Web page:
"If someone had made a call, these children would be alive today," he said.
      One of the children was heard screaming, but no one called.  One was locked in a closet and starved to death.
      Parnell knows what meth can do.  He began using it with his father.  He thought he could control it, but it eventually controlled him.
      At his lowest point, he thought his family would be better off without him.  He took a gun and shot off half his face.  He said he felt the pain because the meth kept him awake.
      He nearly died, but he survived his suicide attempt.  He underwent 30 surgeries, and more are planned.  His face is still disfigured, but it looks much better than it did after getting out of the hospital.  He said he will never get the sight back in his right eye.  A year passed before anyone could understand him when he spoke.
      "The way I look might convince people not to use meth," he stated.
      "I am so embarrassed and ashamed of the way I treated my wife and others," he added.
      He pleads with people to get help if they are addicted and are struggling with temper.
      Parnell added, "Suicide is not the solution.  You never know what God has planned for you."
      God's plan for Parnell was laid out on the stage last Friday.
      Wright County MEADA (Meth Education and Drug Awareness) invited Parnell to speak in the Buffalo High School Performing Arts Center.  He recently co-authored his autobiography, "Facing the Dragon," with local author, Amy Hammond Hagberg.  He had his book available for sale at the event.
      He also spoke to students at the Howard Lake-Waverly-Winsted Schools on Friday morning and conducted a presentation in the afternoon at North Hennepin Community College in Brooklyn Park.
      A former meth dealer, husband, father of seven, and suicide survivor from Tennessee, Parnell now devotes his life traveling to high schools and communities warning about the dangers of methamphetamine.
      Parnell told his story in Buffalo once before in March 2005 as a guest of MEADA.  He began his presentation last Friday by talking about the dangerous chemicals used to make meth, such as anhydrous ammonia.
      He said meth slowly eats you up.  It's a poison.  Users' teeth often rot because of it.
      Parnell managed to avoid severe tooth decay because he became obsessed with brushing his teeth.  He brushed seven to nine times a day, he said.
      The body can't metabolize the meth chemicals, and they come out through the skin, he also said.
      In Tennessee, which is number-one in meth labs, child abuse has gone up 500 percent in 15 years, he said.
      "Innocent people around us suffer," he commented.
      In one case, an addicted parent thought it was more important to make meth than to pick up his child from a bleach spill.
      If you step in and "make the call" to help prevent child abuse, the meth addict will eventually thank you, Parnell stated.
      He told of a baby born addicted to meth.
      "I hope to see little Bobby in the next life," he said about the baby, and then he paused as he was overcome with sadness.
      He told of a school system in New Mexico that has started a program to help feed children in families affected by meth addiction.  Food is hidden in children's backpacks so they can feed their little brothers and sisters at home.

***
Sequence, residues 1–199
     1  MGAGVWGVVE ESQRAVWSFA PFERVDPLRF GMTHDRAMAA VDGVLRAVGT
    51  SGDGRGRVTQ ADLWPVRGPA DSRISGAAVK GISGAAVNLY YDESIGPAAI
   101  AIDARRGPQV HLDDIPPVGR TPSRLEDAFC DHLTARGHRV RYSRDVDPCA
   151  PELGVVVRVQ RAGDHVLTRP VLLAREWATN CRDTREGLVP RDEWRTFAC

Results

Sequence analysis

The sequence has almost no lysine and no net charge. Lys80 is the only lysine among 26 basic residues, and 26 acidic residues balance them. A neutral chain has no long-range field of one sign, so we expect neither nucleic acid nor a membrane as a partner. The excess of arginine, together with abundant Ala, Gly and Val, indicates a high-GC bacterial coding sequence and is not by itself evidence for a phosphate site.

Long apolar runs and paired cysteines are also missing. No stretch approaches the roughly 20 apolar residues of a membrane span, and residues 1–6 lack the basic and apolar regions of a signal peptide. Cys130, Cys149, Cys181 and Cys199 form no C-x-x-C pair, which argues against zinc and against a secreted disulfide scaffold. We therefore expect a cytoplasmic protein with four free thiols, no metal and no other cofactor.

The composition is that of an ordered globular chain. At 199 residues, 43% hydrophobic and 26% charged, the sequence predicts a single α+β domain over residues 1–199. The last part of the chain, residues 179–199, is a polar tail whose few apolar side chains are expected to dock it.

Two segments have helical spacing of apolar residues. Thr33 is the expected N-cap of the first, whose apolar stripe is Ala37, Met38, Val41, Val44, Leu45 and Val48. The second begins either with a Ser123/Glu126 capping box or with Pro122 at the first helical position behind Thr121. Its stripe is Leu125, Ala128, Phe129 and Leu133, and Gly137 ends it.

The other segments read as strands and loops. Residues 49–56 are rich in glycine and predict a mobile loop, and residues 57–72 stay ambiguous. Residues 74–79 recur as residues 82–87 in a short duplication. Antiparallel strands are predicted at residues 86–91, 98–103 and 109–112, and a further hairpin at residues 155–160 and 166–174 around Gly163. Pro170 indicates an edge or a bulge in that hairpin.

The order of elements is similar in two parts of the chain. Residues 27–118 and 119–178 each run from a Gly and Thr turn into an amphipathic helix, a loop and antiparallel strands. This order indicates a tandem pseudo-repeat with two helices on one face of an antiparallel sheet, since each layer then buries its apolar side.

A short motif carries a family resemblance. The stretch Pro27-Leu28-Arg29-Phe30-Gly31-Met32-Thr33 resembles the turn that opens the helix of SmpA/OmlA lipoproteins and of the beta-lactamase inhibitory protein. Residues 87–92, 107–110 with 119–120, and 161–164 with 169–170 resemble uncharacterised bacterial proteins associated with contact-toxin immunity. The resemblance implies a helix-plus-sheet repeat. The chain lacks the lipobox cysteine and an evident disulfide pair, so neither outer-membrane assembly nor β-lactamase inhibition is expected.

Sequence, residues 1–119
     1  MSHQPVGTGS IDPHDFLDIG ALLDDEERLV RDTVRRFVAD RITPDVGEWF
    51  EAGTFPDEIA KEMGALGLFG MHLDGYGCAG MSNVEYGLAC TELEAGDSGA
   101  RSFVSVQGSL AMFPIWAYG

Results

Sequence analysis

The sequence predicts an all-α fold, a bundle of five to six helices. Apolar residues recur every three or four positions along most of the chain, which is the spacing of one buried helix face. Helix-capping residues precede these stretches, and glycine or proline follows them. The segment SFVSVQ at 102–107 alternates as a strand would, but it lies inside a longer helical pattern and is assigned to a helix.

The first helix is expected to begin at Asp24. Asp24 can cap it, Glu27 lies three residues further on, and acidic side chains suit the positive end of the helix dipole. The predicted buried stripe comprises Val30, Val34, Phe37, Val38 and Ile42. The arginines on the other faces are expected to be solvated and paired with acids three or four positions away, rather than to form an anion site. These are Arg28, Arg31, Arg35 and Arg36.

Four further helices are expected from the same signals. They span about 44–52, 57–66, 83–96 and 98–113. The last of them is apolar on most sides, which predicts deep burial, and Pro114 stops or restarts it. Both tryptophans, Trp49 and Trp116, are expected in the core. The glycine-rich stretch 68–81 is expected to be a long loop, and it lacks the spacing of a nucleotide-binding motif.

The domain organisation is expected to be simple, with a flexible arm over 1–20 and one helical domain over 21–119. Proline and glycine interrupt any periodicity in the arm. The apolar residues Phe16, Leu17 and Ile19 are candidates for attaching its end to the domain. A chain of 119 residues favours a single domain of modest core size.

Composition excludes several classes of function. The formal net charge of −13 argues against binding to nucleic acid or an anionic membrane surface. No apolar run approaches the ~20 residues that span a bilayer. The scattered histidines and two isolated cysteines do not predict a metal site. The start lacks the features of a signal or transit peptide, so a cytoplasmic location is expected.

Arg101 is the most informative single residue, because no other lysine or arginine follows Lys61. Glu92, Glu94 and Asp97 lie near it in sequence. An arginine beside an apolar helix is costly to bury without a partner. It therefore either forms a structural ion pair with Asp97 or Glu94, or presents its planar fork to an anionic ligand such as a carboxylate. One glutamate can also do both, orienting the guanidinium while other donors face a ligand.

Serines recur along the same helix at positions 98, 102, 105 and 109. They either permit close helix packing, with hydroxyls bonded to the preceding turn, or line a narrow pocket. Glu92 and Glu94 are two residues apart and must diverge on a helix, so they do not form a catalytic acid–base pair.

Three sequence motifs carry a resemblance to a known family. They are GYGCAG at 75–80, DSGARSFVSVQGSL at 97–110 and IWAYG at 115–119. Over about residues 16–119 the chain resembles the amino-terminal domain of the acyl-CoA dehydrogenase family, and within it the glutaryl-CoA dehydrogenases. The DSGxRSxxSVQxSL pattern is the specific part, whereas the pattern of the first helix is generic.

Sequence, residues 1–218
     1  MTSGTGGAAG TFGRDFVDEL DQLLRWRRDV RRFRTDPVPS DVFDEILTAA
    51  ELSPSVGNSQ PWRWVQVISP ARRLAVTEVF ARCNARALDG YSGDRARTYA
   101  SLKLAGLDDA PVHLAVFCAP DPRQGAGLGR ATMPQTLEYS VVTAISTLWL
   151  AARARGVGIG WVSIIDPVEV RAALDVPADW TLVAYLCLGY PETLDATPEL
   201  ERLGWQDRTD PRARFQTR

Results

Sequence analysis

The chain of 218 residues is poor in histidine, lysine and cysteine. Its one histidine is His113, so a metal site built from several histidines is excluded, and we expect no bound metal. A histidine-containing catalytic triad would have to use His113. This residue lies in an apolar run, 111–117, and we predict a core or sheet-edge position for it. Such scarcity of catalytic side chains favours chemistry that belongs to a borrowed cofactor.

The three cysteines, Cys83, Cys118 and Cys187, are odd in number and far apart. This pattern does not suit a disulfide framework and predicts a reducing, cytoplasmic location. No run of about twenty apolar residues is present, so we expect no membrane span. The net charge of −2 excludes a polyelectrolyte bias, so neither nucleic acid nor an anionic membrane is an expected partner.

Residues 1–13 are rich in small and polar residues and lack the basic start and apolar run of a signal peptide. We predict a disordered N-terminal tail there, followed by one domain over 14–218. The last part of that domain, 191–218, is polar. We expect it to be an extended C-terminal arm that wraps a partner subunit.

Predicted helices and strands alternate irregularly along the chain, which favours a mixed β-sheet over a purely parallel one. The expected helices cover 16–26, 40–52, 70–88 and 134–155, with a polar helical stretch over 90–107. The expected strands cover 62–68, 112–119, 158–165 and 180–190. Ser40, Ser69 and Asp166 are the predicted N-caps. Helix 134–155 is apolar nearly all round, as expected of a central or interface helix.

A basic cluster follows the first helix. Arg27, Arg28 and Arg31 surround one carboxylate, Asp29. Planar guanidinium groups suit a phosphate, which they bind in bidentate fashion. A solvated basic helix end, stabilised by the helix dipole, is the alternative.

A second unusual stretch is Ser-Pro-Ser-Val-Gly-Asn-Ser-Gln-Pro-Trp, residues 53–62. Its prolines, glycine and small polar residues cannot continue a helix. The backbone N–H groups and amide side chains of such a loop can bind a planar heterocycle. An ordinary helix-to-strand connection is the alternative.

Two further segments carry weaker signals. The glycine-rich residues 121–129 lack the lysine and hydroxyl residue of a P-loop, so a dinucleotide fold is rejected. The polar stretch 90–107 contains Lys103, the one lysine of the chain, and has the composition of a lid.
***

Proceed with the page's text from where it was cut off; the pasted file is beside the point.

Drug task force members who raid meth houses are called "Angels in Black" by Parnell.
      "I wish they had busted my dad.  He would be alive today," Parnell commented.  "He could not stop."
      He feels shame about his own addiction and not being there for his kids.
      "They remember Mom and Dad always fighting," he said.
      He once threatened to kill her, and she called the police.  But he went back to using later.
      He once tried to hang himself.  He said meth is a stimulant ... "until depression sets in."
      His sister found him after his unsuccessful hanging attempt.  The rope had snapped.
      "God saved my life that day," he said.
      Parnell learned that meth robs a person of the ability to feel love and compassion from others.
      Getting off meth is difficult, but he is so thankful he is off it now.
      The body will heal itself, but it takes time, he said.
      "Hang on until you get over the hump.  You will feel better than you ever felt in your life," he tells addicts.
      Now that Parnell is back with his family, he says, "God has given me back more than I will ever deserve."
      After his presentation, a few questions were taken from the audience.  Wright County Attorney Tom Kelly said he has seen improvement regarding meth over the past few years.  Parnell said the problem has grown worse in Tennessee.
      He added that Minnesota has more programs addressing meth than any other state.
      "You guys work together and get after it and educate people about meth," he said.  "You don't see that in other states."
      You can learn more by contacting MEADA at 763-682-7713 or go to .  To learn more about Parnell, go to his website, .  He invites you to visit Amy Hammond Hagberg's website as well,

Tuesday, March 15, 2011

Meth Addiction - From a Loved One's Point of View

The following was written by one of our friends.  It was an editorial she sent in to her local paper. She was asked by the newspaper if it was real.  This is the most accurate description of how it feels to care about someone on meth I have ever heard.